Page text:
1066: A Tale of Two Invasions
Many of us know of the famous invasion of England by William “the Bastard,” the Duke of Normandy in the year 1066. But, many do not realize that William’s invasion was the second one of the year. In fact, Harold Godwinson (Harold II), the King of England, had just defeated the Viking King of Norway and Denmark, Harald Sigurdsson at the Battle of Stamford Bridge. The Viking King was also known as Harald ‘Hardrada,’ which roughly translates to “Harald the Hard Ruler.” Harald was accompanied by the King of England’s brother, Tostig Godwinson, because Tostig and the King of Norway made a deal to split England up, once they defeated Harold II of course. The King of England had a different idea, and changed the course of history.
The English King was expecting an invasion that year, but from a different direction. William of Normandy thought he was the rightful heir of the English crown when the former ruler, Edward the Confessor, died earlier that year. Harold II even made overtures to William, before Edward’s death, confirming that he would support William for the throne when Edward died. So, William considered Harold’s succession to the throne as an act of treason, and he would invade and defeat the new King of England to prove his point. Once Edward died, Harold II decided he did not want to have a King from Normandy, and would be the next Anglo-Saxon (and last ) king of England.
Harold II prepared and had soldiers waiting along the southern coast of England for William’s invasion, but it never materialized. William’s invasion fleet was stuck in a port because of poor winds. Meanwhile, the Vikings were raiding northern England (around Yorkshire), and terrorizing the English countryside. Harold II heard of this, and gathered his army for a forced march north to confront the Vikings and his traitorous brother. Harold’s army was in sight of the Viking army after his men marched over 100 miles in four days, and surprised the Vikings who were trapped on the wrong side of a bridge without their armor. Harold’s men slaughtered the Vikings and sent the few survivors back to Scandinavia.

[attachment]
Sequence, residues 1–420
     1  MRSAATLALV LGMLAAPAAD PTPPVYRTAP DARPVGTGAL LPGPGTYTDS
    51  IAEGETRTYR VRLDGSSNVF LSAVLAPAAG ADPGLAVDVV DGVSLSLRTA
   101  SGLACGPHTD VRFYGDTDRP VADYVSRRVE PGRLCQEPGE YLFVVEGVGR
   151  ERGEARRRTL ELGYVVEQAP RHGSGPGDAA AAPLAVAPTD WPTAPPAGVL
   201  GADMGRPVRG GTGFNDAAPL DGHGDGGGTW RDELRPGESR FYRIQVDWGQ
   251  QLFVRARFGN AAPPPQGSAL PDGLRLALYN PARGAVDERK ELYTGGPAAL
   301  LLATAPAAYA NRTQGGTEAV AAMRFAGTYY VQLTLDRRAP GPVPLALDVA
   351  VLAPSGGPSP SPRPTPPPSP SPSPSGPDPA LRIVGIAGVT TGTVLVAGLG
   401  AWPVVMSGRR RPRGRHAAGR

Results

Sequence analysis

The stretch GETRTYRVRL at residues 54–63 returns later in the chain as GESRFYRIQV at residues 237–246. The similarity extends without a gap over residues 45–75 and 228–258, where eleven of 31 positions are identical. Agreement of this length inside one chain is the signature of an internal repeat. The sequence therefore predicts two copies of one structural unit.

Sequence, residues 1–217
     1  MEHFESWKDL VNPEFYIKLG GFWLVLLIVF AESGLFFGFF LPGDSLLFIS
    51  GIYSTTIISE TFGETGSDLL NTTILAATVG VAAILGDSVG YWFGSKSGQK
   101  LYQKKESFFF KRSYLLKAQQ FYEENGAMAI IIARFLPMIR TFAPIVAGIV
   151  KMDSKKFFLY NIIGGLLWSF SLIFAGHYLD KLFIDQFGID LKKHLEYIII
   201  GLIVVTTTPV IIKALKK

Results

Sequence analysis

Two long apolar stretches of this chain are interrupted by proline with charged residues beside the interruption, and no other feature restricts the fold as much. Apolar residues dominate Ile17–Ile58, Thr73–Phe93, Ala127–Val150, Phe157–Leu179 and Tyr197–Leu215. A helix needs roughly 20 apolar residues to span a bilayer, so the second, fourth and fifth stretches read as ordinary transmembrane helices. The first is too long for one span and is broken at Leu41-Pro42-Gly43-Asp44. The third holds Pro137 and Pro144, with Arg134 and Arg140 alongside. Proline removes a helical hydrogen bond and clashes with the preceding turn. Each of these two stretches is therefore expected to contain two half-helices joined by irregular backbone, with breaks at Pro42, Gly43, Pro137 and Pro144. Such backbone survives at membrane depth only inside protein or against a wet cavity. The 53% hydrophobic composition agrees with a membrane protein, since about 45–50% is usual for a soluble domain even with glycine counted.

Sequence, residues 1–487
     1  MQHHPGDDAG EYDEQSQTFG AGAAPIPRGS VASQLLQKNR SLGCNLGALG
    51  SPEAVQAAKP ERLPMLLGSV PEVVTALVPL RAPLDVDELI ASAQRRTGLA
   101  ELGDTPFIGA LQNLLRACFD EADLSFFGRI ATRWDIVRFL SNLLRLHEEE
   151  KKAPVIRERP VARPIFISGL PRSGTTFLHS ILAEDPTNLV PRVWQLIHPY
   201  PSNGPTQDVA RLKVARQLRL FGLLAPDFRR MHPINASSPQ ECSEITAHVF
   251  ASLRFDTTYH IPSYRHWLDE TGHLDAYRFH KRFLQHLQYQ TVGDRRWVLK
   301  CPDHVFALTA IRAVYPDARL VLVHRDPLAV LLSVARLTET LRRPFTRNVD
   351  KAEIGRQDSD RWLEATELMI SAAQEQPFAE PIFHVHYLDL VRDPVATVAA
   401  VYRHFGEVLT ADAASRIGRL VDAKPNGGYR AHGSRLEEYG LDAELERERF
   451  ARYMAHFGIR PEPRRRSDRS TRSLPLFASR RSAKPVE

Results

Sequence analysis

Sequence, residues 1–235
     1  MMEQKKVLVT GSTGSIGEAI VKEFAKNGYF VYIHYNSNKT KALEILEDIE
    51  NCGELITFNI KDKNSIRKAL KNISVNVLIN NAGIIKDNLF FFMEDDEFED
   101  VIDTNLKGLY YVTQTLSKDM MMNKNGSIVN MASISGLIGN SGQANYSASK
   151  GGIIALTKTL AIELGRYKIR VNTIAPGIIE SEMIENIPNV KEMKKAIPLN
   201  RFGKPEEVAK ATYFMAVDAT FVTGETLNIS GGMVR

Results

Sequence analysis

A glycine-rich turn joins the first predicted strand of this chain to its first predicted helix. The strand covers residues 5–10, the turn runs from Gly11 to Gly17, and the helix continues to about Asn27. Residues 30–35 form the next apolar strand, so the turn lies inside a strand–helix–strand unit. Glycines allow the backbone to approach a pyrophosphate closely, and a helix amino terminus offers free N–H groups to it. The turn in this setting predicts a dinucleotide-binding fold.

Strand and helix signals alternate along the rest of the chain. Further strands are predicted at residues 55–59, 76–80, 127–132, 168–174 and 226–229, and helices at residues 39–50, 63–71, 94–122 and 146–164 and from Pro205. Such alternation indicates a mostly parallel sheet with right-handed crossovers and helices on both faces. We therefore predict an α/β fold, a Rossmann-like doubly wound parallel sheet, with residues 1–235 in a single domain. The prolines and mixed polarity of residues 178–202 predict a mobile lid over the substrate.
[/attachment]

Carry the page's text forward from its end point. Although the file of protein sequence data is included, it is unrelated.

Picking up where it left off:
There was no time to celebrate their great victory, since word had just reached Harold that William had landed his invasion force on the southern coast of England. Harold’s tired, but motivated men, marched again towards the south to confront William’s invasion force. By the time Harold and his men reached the village of Hastings in southern England, they were very tired and wore out from their many days of marching and battle.
William and his men were on the bottom of a hill, and Harold chose good ground on the top of the hill. I will not go into the details of the battle since you can find that anywhere, but I will wrap this story up by telling you the aftermath of the battle. In one day, William went from “bastard” to “conqueror.” William’s army defeated the Anglo-Saxons in a very hard fought victory. Harold II, King of England, was killed during the battle by an arrow to the eye. He was the last Anglo-Saxon king of England, which started a new Norman dynasty of occupation throughout the British Isles. That day on a small hill in southern England changed not only English history, but the history of the Western world. Who knows what would have happened if William was killed and his army was forced back into the sea. Would England have ever been invaded again? We will never know, but I hope this sparks an interest in the topic and you will read more about that momentous and historic year: 1066.